Home > Fathers of Film Music > MIKLÓS RÓZSA – Fathers of Film Music, Part 6

MIKLÓS RÓZSA – Fathers of Film Music, Part 6

November 1, 2014 Leave a comment Go to comments

Miklós RózsaArticle by Craig Lysy

Born: 18 April 1907, Budapest, Hungary.
Died: 27 July 1995

Miklós Rózsa was born to upper class parents who resided in Budapest during the waning years of the Austro-Hungarian Empire. His mother, Regina Berkovits, was an accomplished pianist who had studied with pupils of Franz Liszt, while his father, Gyula, was a prominent industrialist. Both had a love for classical music, traditional folk songs and instilled in Miklós a love of music. His maternal uncle Lajos Berkovits, an accomplished violinist with the Budapest Opera, presented him with his first instrument, a violin at the age of five. Rózsa began formal study under Lajos Berkovits (a pupil of Hubay), which also included training with both the viola and piano. By age eight he was already composing original works and performing in public, which included a movement from a Mozart violin concerto where he dressed as Mozart, and also as conductor of a children’s orchestra where he turned in a splendid performance of Haydn’s Toy Symphony.

Miklós greatly enjoyed his family’s journies to their country estate, which lay north of Budapest in a village called Nagylócz. The town was inhabited by the Palóc Hungarians, an indigenous Magyar people who had a unique dialect, as well as local traditions and dress. He would often join as a violinist in a retinue of gypsies for a night of fun and merriment. It was within this pastoral setting that he began a life time hobby of collecting traditional folk songs. Indeed he incorporated this source music into a number of his classic works including Opus 4 Variations on a Hungarian Peasant Song and Opus 5 North Hungarian Peasant Songs and Dances and the ballet Hungaria. This native folk music became an integral part of his own musical language and he relates that he often found his own melodies arising from out this rich ethnic milieu. It suffices to say that this unique culture had an indelible effect upon Miklós and in fact over time came to be encoded into his compositional DNA.

In high school the popular Rózsa was elected president of the Franz Liszt Society and organized matinees consisting of works by Bartók and Kodály, who he admired and believed were founders of an authentic Hungarian nationalist style. Regretfully he was called to task by the headmaster who judged the Hungarian nationalistic program as unsuitable to be performed. Yet he recovered when his composition Twilight won the Society’s prize for a new composition. Upon graduation Rózsa at the behest of his father, enrolled in 1925 at the University of Leipzig to study chemistry. But this career path proved unfulfilling and since he was determined to follow his first love, music, he transferred the following year to the Leipzig Conservatory. Now happy with his curriculum, he studied composition under tutelage of Hermann Grabner. Success quickly followed when his Piano Quintet op.2 earned the praise of Karl Straube, the renowned Cantor of the Thomaskirche. This led to studying choral music under Straube, but also him signing a contract with Breitkopf & Härtel. His String Trio op.1 and Piano Quintet op.2 marked his first published works.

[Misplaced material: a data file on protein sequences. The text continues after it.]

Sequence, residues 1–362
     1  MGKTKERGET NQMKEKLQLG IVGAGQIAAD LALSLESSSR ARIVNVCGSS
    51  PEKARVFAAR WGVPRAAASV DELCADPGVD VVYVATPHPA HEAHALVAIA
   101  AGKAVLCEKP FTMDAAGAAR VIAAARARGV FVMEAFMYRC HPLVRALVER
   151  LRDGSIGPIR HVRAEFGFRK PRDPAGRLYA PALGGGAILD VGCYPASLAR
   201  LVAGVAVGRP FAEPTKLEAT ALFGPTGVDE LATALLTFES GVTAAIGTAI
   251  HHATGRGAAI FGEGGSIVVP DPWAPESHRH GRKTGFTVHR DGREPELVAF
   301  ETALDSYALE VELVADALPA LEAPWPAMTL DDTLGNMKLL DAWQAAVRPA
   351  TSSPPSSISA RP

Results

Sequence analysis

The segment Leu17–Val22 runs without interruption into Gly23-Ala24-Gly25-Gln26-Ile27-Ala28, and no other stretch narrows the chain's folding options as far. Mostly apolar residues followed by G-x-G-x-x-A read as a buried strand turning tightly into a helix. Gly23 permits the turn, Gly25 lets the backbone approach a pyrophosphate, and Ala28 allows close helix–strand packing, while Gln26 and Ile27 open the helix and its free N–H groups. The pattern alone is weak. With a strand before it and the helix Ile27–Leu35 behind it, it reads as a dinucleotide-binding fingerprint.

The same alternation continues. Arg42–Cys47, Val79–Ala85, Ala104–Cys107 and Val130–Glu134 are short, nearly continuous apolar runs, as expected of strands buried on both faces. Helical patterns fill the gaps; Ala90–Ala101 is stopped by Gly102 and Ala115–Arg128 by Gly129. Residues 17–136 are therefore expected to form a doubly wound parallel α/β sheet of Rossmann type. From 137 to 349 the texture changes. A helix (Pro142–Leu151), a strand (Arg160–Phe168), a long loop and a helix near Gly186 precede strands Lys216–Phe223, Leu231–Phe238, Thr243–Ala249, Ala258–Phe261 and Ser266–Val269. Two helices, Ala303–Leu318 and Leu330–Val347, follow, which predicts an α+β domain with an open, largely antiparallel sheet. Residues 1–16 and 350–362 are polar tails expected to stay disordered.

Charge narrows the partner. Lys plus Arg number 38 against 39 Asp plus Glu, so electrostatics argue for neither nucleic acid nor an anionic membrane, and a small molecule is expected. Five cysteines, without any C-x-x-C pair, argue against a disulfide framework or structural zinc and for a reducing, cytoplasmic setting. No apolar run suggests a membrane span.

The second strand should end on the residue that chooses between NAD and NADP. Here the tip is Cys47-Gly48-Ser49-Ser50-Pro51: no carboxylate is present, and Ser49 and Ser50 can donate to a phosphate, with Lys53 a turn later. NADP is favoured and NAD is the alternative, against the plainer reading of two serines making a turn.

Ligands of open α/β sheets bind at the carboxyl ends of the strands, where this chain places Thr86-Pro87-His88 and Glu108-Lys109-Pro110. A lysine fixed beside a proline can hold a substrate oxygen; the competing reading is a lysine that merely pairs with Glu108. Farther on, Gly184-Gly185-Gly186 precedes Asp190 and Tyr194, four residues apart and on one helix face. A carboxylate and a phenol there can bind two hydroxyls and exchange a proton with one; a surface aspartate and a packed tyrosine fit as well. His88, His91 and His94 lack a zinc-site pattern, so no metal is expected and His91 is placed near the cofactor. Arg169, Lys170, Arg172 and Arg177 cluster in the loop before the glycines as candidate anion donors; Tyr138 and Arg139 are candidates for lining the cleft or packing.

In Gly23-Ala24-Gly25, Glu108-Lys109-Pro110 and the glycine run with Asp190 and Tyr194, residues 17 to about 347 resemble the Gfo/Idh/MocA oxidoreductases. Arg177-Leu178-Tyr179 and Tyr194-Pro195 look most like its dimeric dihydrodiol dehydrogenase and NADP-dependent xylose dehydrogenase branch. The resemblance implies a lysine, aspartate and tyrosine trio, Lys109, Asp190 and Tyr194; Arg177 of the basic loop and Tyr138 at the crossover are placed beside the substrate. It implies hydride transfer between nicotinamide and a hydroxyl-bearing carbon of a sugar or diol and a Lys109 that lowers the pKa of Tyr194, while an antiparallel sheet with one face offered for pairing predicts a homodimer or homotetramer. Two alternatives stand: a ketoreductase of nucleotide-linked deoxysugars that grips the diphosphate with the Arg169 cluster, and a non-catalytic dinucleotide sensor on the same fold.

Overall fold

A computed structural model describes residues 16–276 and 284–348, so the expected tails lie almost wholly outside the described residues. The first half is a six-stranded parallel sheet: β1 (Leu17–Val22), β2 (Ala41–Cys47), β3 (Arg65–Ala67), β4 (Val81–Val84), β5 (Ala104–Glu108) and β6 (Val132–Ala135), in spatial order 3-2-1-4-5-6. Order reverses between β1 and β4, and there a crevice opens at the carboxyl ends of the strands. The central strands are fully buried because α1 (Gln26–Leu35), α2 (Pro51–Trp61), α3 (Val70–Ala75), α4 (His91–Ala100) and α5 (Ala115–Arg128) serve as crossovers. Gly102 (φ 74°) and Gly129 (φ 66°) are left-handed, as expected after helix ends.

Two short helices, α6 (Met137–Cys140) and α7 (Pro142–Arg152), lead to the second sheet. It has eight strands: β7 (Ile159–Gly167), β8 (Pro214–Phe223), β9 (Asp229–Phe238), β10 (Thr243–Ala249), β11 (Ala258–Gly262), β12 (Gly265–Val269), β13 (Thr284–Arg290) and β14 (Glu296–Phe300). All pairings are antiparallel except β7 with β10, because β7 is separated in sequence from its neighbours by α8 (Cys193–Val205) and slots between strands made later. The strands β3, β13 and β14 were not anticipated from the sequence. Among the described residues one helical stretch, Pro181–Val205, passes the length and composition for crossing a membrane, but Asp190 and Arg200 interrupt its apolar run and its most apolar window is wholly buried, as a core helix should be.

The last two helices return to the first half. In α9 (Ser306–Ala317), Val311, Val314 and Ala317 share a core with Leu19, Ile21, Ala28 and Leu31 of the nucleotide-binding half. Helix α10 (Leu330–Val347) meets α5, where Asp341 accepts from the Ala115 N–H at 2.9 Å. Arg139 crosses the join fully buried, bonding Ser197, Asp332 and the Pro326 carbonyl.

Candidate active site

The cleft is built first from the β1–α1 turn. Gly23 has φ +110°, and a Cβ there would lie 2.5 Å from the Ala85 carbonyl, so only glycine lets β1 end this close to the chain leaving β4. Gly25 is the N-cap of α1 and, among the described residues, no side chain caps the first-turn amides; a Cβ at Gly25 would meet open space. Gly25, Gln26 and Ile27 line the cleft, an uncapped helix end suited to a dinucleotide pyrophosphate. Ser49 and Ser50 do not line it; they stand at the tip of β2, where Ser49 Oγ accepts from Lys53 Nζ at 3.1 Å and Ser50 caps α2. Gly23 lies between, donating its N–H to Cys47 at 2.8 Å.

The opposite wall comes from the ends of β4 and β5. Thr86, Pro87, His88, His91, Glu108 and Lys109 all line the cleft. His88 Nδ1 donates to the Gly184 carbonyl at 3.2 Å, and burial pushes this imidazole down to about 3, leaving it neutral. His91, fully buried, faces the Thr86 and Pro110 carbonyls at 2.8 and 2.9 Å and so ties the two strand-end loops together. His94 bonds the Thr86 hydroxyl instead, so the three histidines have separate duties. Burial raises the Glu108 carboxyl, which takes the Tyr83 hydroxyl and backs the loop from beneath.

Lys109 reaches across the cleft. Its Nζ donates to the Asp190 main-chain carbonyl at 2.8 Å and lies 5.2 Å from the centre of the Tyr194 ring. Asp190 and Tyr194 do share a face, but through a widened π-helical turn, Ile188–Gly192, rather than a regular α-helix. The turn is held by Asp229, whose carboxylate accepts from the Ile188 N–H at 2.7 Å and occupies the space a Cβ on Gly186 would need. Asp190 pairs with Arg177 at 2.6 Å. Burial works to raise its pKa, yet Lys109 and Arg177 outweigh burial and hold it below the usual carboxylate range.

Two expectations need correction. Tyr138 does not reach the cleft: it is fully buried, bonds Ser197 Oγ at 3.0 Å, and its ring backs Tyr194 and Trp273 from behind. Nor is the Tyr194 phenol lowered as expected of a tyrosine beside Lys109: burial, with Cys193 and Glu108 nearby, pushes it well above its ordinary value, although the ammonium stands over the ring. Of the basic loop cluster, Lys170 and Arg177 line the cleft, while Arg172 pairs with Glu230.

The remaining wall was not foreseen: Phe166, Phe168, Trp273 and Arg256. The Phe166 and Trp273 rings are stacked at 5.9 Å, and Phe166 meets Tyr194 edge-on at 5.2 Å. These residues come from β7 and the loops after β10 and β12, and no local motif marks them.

In 1929 Rózsa earned a doctorate degree in music, graduating cum laude and for a time he remained in Leipzig as Grabner’s assistant. However in 1932 he moved to France following a much-praised concert of his chamber music at the École Normale de Musique in Paris. Wasting no time in the ‘City of Lights’ he published his first orchestral work, the Hungarian Serenade op.10. He finally arrived on the world stage when his new orchestral work, Theme, Variations, and Finale op. 13, earned universal acclaim. His life forever changed when across Europe and America, renowned conductors such as Böhm, Swarowsky, Solti, Ormandy and Bernstein brought his creation to audiences. The Three Hungarian Sketches op. 14 that followed was also widely acclaimed following their first performance at the Baden-Baden International Music Festival in 1938. Rózsa’s career was now in ascent and by late 1934 he was the toast of Europe.

A hinge of fate occurred in 1934 when his friend Swiss-French composer Arthur Honegger introduced Rózsa to film score music, which he used to supplement his income. His score for Les Miserables (1934) captured Rózsa’s imagination and elicited his interest in this new medium. When his ballet Hungaria (1935) received public acclaim in London his path was set. He left Paris and took up residence in London in 1940 and secured his first film score assignment, Knight Without Armour (1937), which was produced by compatriot Alexander Korda. Pleased with his effort, Korda gave to another scoring assignment with Thunder In The City (1937). When he succeeded here also Korda’s offered him a contract with his London Films Company. His first company assignment was the epic film The Four Feathers (1939), which won him universal praise. His next film, The Thief of Bagdad (1940) forever changed his life path. World War II was escalating, and Korda soon lost financing for his film. Korda was determined to see his film through to completion and so relocated his company to Hollywood where he found financing and a blossoming film industry. Rózsa followed and acclimated well to his new home, composing with a passion.